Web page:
Both the corn and soybean markets had a ho-hum week. For the week ending Nov. 16, 2018, corn prices were around a nickel lower, while July soybeans were up nearly 4¢ and November soybeans were unchanged.
The final stretch of corn and soybean harvest is dragging on across farm country. As of Nov. 11, 84% of the U.S. corn crop has been harvested, which is slightly behind the five-year average of 87%. Of the 18 major corn-growing states, Michigan, North Dakota, Pennsylvania, South Dakota and Wisconsin are below 75% harvested.
For soybeans, 88% of the crop has been harvested, which compares to a five-year average of 93% harvested by mid-November. Of the top 18 soybean-growing states, Kansas, Kentucky, Missouri, North Carolina and Tennessee are below 75% harvested.
Around 10 million acres each of corn and soybeans that are left to be harvested, says Jerry Gulke, president of the Gulke Group. He puts that in perspective with the estimated 1 billion bushels of soybean ending stocks.
“If you lose 5 bu. per acre on the 10 million acres left out there, that’s 50 million bushels,” he says. “That just takes your carryout down to 950 billion.”
If the yield for corn on the remaining 10 million acres dropped by 10 bushels per acre, that adds up to a bigger difference, Gulke says, but it’s still not enough to dramatically boost corn prices.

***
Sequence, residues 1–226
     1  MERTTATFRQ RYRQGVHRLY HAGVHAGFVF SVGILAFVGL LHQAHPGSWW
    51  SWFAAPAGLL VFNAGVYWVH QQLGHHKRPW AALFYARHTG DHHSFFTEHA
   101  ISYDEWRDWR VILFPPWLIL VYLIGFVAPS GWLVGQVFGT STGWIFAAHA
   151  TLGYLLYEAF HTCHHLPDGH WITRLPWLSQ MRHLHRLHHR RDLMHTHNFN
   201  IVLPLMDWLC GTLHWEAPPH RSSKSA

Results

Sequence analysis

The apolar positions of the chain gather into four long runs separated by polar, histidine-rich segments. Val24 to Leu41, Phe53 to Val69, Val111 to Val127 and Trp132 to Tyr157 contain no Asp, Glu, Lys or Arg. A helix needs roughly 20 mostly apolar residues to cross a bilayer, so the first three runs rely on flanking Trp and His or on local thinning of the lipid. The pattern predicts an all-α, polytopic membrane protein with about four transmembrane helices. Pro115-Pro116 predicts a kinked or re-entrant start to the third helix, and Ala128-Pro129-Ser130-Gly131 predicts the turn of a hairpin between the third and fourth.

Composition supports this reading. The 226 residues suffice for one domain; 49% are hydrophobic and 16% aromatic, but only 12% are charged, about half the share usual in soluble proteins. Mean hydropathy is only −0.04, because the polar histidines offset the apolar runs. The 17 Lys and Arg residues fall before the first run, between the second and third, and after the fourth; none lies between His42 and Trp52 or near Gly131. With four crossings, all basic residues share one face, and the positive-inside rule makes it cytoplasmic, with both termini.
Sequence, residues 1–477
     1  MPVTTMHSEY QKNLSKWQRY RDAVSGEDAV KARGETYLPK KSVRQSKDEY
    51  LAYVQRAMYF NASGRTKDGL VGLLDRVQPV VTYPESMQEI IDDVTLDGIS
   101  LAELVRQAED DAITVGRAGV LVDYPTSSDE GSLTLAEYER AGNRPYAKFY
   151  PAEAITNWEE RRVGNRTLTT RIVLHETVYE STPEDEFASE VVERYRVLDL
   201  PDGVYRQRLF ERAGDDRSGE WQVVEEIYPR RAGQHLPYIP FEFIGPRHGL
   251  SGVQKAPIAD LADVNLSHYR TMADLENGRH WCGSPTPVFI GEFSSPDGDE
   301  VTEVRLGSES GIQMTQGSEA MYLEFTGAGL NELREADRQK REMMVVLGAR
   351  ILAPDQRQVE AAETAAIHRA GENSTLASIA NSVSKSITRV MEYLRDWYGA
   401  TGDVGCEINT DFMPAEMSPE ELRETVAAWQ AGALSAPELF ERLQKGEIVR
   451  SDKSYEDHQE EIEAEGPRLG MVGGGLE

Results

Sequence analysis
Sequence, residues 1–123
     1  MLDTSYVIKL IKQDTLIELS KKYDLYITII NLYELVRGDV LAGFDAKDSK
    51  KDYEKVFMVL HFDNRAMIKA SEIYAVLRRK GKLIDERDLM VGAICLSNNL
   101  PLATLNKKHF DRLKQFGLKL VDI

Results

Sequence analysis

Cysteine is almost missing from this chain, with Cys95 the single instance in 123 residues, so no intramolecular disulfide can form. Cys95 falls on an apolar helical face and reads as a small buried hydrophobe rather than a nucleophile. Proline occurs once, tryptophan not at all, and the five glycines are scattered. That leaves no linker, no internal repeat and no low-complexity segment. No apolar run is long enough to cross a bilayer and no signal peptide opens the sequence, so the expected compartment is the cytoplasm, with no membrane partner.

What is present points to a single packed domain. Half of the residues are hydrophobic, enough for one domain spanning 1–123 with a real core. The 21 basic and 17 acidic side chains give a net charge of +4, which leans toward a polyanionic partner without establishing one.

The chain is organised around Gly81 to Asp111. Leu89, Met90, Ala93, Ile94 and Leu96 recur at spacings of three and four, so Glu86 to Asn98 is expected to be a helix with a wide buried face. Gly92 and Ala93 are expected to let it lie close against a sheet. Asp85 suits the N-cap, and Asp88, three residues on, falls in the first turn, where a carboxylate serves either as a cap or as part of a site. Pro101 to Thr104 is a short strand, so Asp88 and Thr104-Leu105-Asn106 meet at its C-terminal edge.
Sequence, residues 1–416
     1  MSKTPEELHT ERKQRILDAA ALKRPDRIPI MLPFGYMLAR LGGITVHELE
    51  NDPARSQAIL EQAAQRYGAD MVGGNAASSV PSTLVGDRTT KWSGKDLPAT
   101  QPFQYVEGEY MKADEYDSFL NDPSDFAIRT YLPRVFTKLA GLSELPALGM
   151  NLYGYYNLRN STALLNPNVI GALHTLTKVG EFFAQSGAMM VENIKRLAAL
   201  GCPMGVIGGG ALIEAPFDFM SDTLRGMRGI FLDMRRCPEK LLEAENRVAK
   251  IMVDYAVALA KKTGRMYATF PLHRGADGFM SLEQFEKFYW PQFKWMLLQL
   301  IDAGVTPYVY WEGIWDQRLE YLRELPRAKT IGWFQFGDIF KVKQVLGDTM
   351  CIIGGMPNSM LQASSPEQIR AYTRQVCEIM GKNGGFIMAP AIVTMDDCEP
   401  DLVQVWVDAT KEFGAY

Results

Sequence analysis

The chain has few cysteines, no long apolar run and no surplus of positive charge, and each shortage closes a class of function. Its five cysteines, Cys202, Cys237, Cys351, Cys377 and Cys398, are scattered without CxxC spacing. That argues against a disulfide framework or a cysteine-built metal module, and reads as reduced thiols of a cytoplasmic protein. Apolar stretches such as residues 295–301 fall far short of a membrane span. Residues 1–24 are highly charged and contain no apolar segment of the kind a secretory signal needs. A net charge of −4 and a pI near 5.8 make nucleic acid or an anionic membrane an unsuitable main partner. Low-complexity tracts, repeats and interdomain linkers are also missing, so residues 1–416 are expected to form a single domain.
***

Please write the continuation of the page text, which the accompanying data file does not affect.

“Go back five years ago, this would have meant a lot more when we had a carryover of 250 to 300 million bushels of beans and China was in our market,” he says. “That would have taken the carryout down to unacceptable levels. It’s disappointing to have what would otherwise have been supportive news and still not get a real extended move in the markets.”
The lift in the soybean market this week was mostly due to recent comments by President Trump.
“Last night he mentioned that any deal with China has to include some deal with soybeans and he wants China to agree to buy as many beans as it did before the tariffs,” Gulke says. “But then today, he put out another announcement that China wants to make a deal, but it will hurt China more if they don’t make a deal than it will the U.S.”
Gulke says the Friday announcement took soybean prices from 7¢ lower to 7¢ higher in a matter of minutes and settled up 3¢.
“So, there's a point where you could just stop the rhetoric,” Gulke says. “We’ll probably make some sort of deal by the end of the month. But I hope it’s not a ‘buy the rumor and sell the fact,’ because we'd better see something concrete come out of this. The longer you wait, the harder it is because China continues to buy soybeans from alternative sources.
The rest of November should be exciting and bring some market-moving news, Gulke adds.
“We'll see you at the end of November whether we really have anything to be thankful for,” he says.
Listen to the audio report as Gulke shares his decision on his grain in open commercial storage. He will further discuss this topic in his in-depth marketing commentary, Technically Speaking, next week. You can find it, as well as all of his audio commentary, at AgWeb.com/Gulke.
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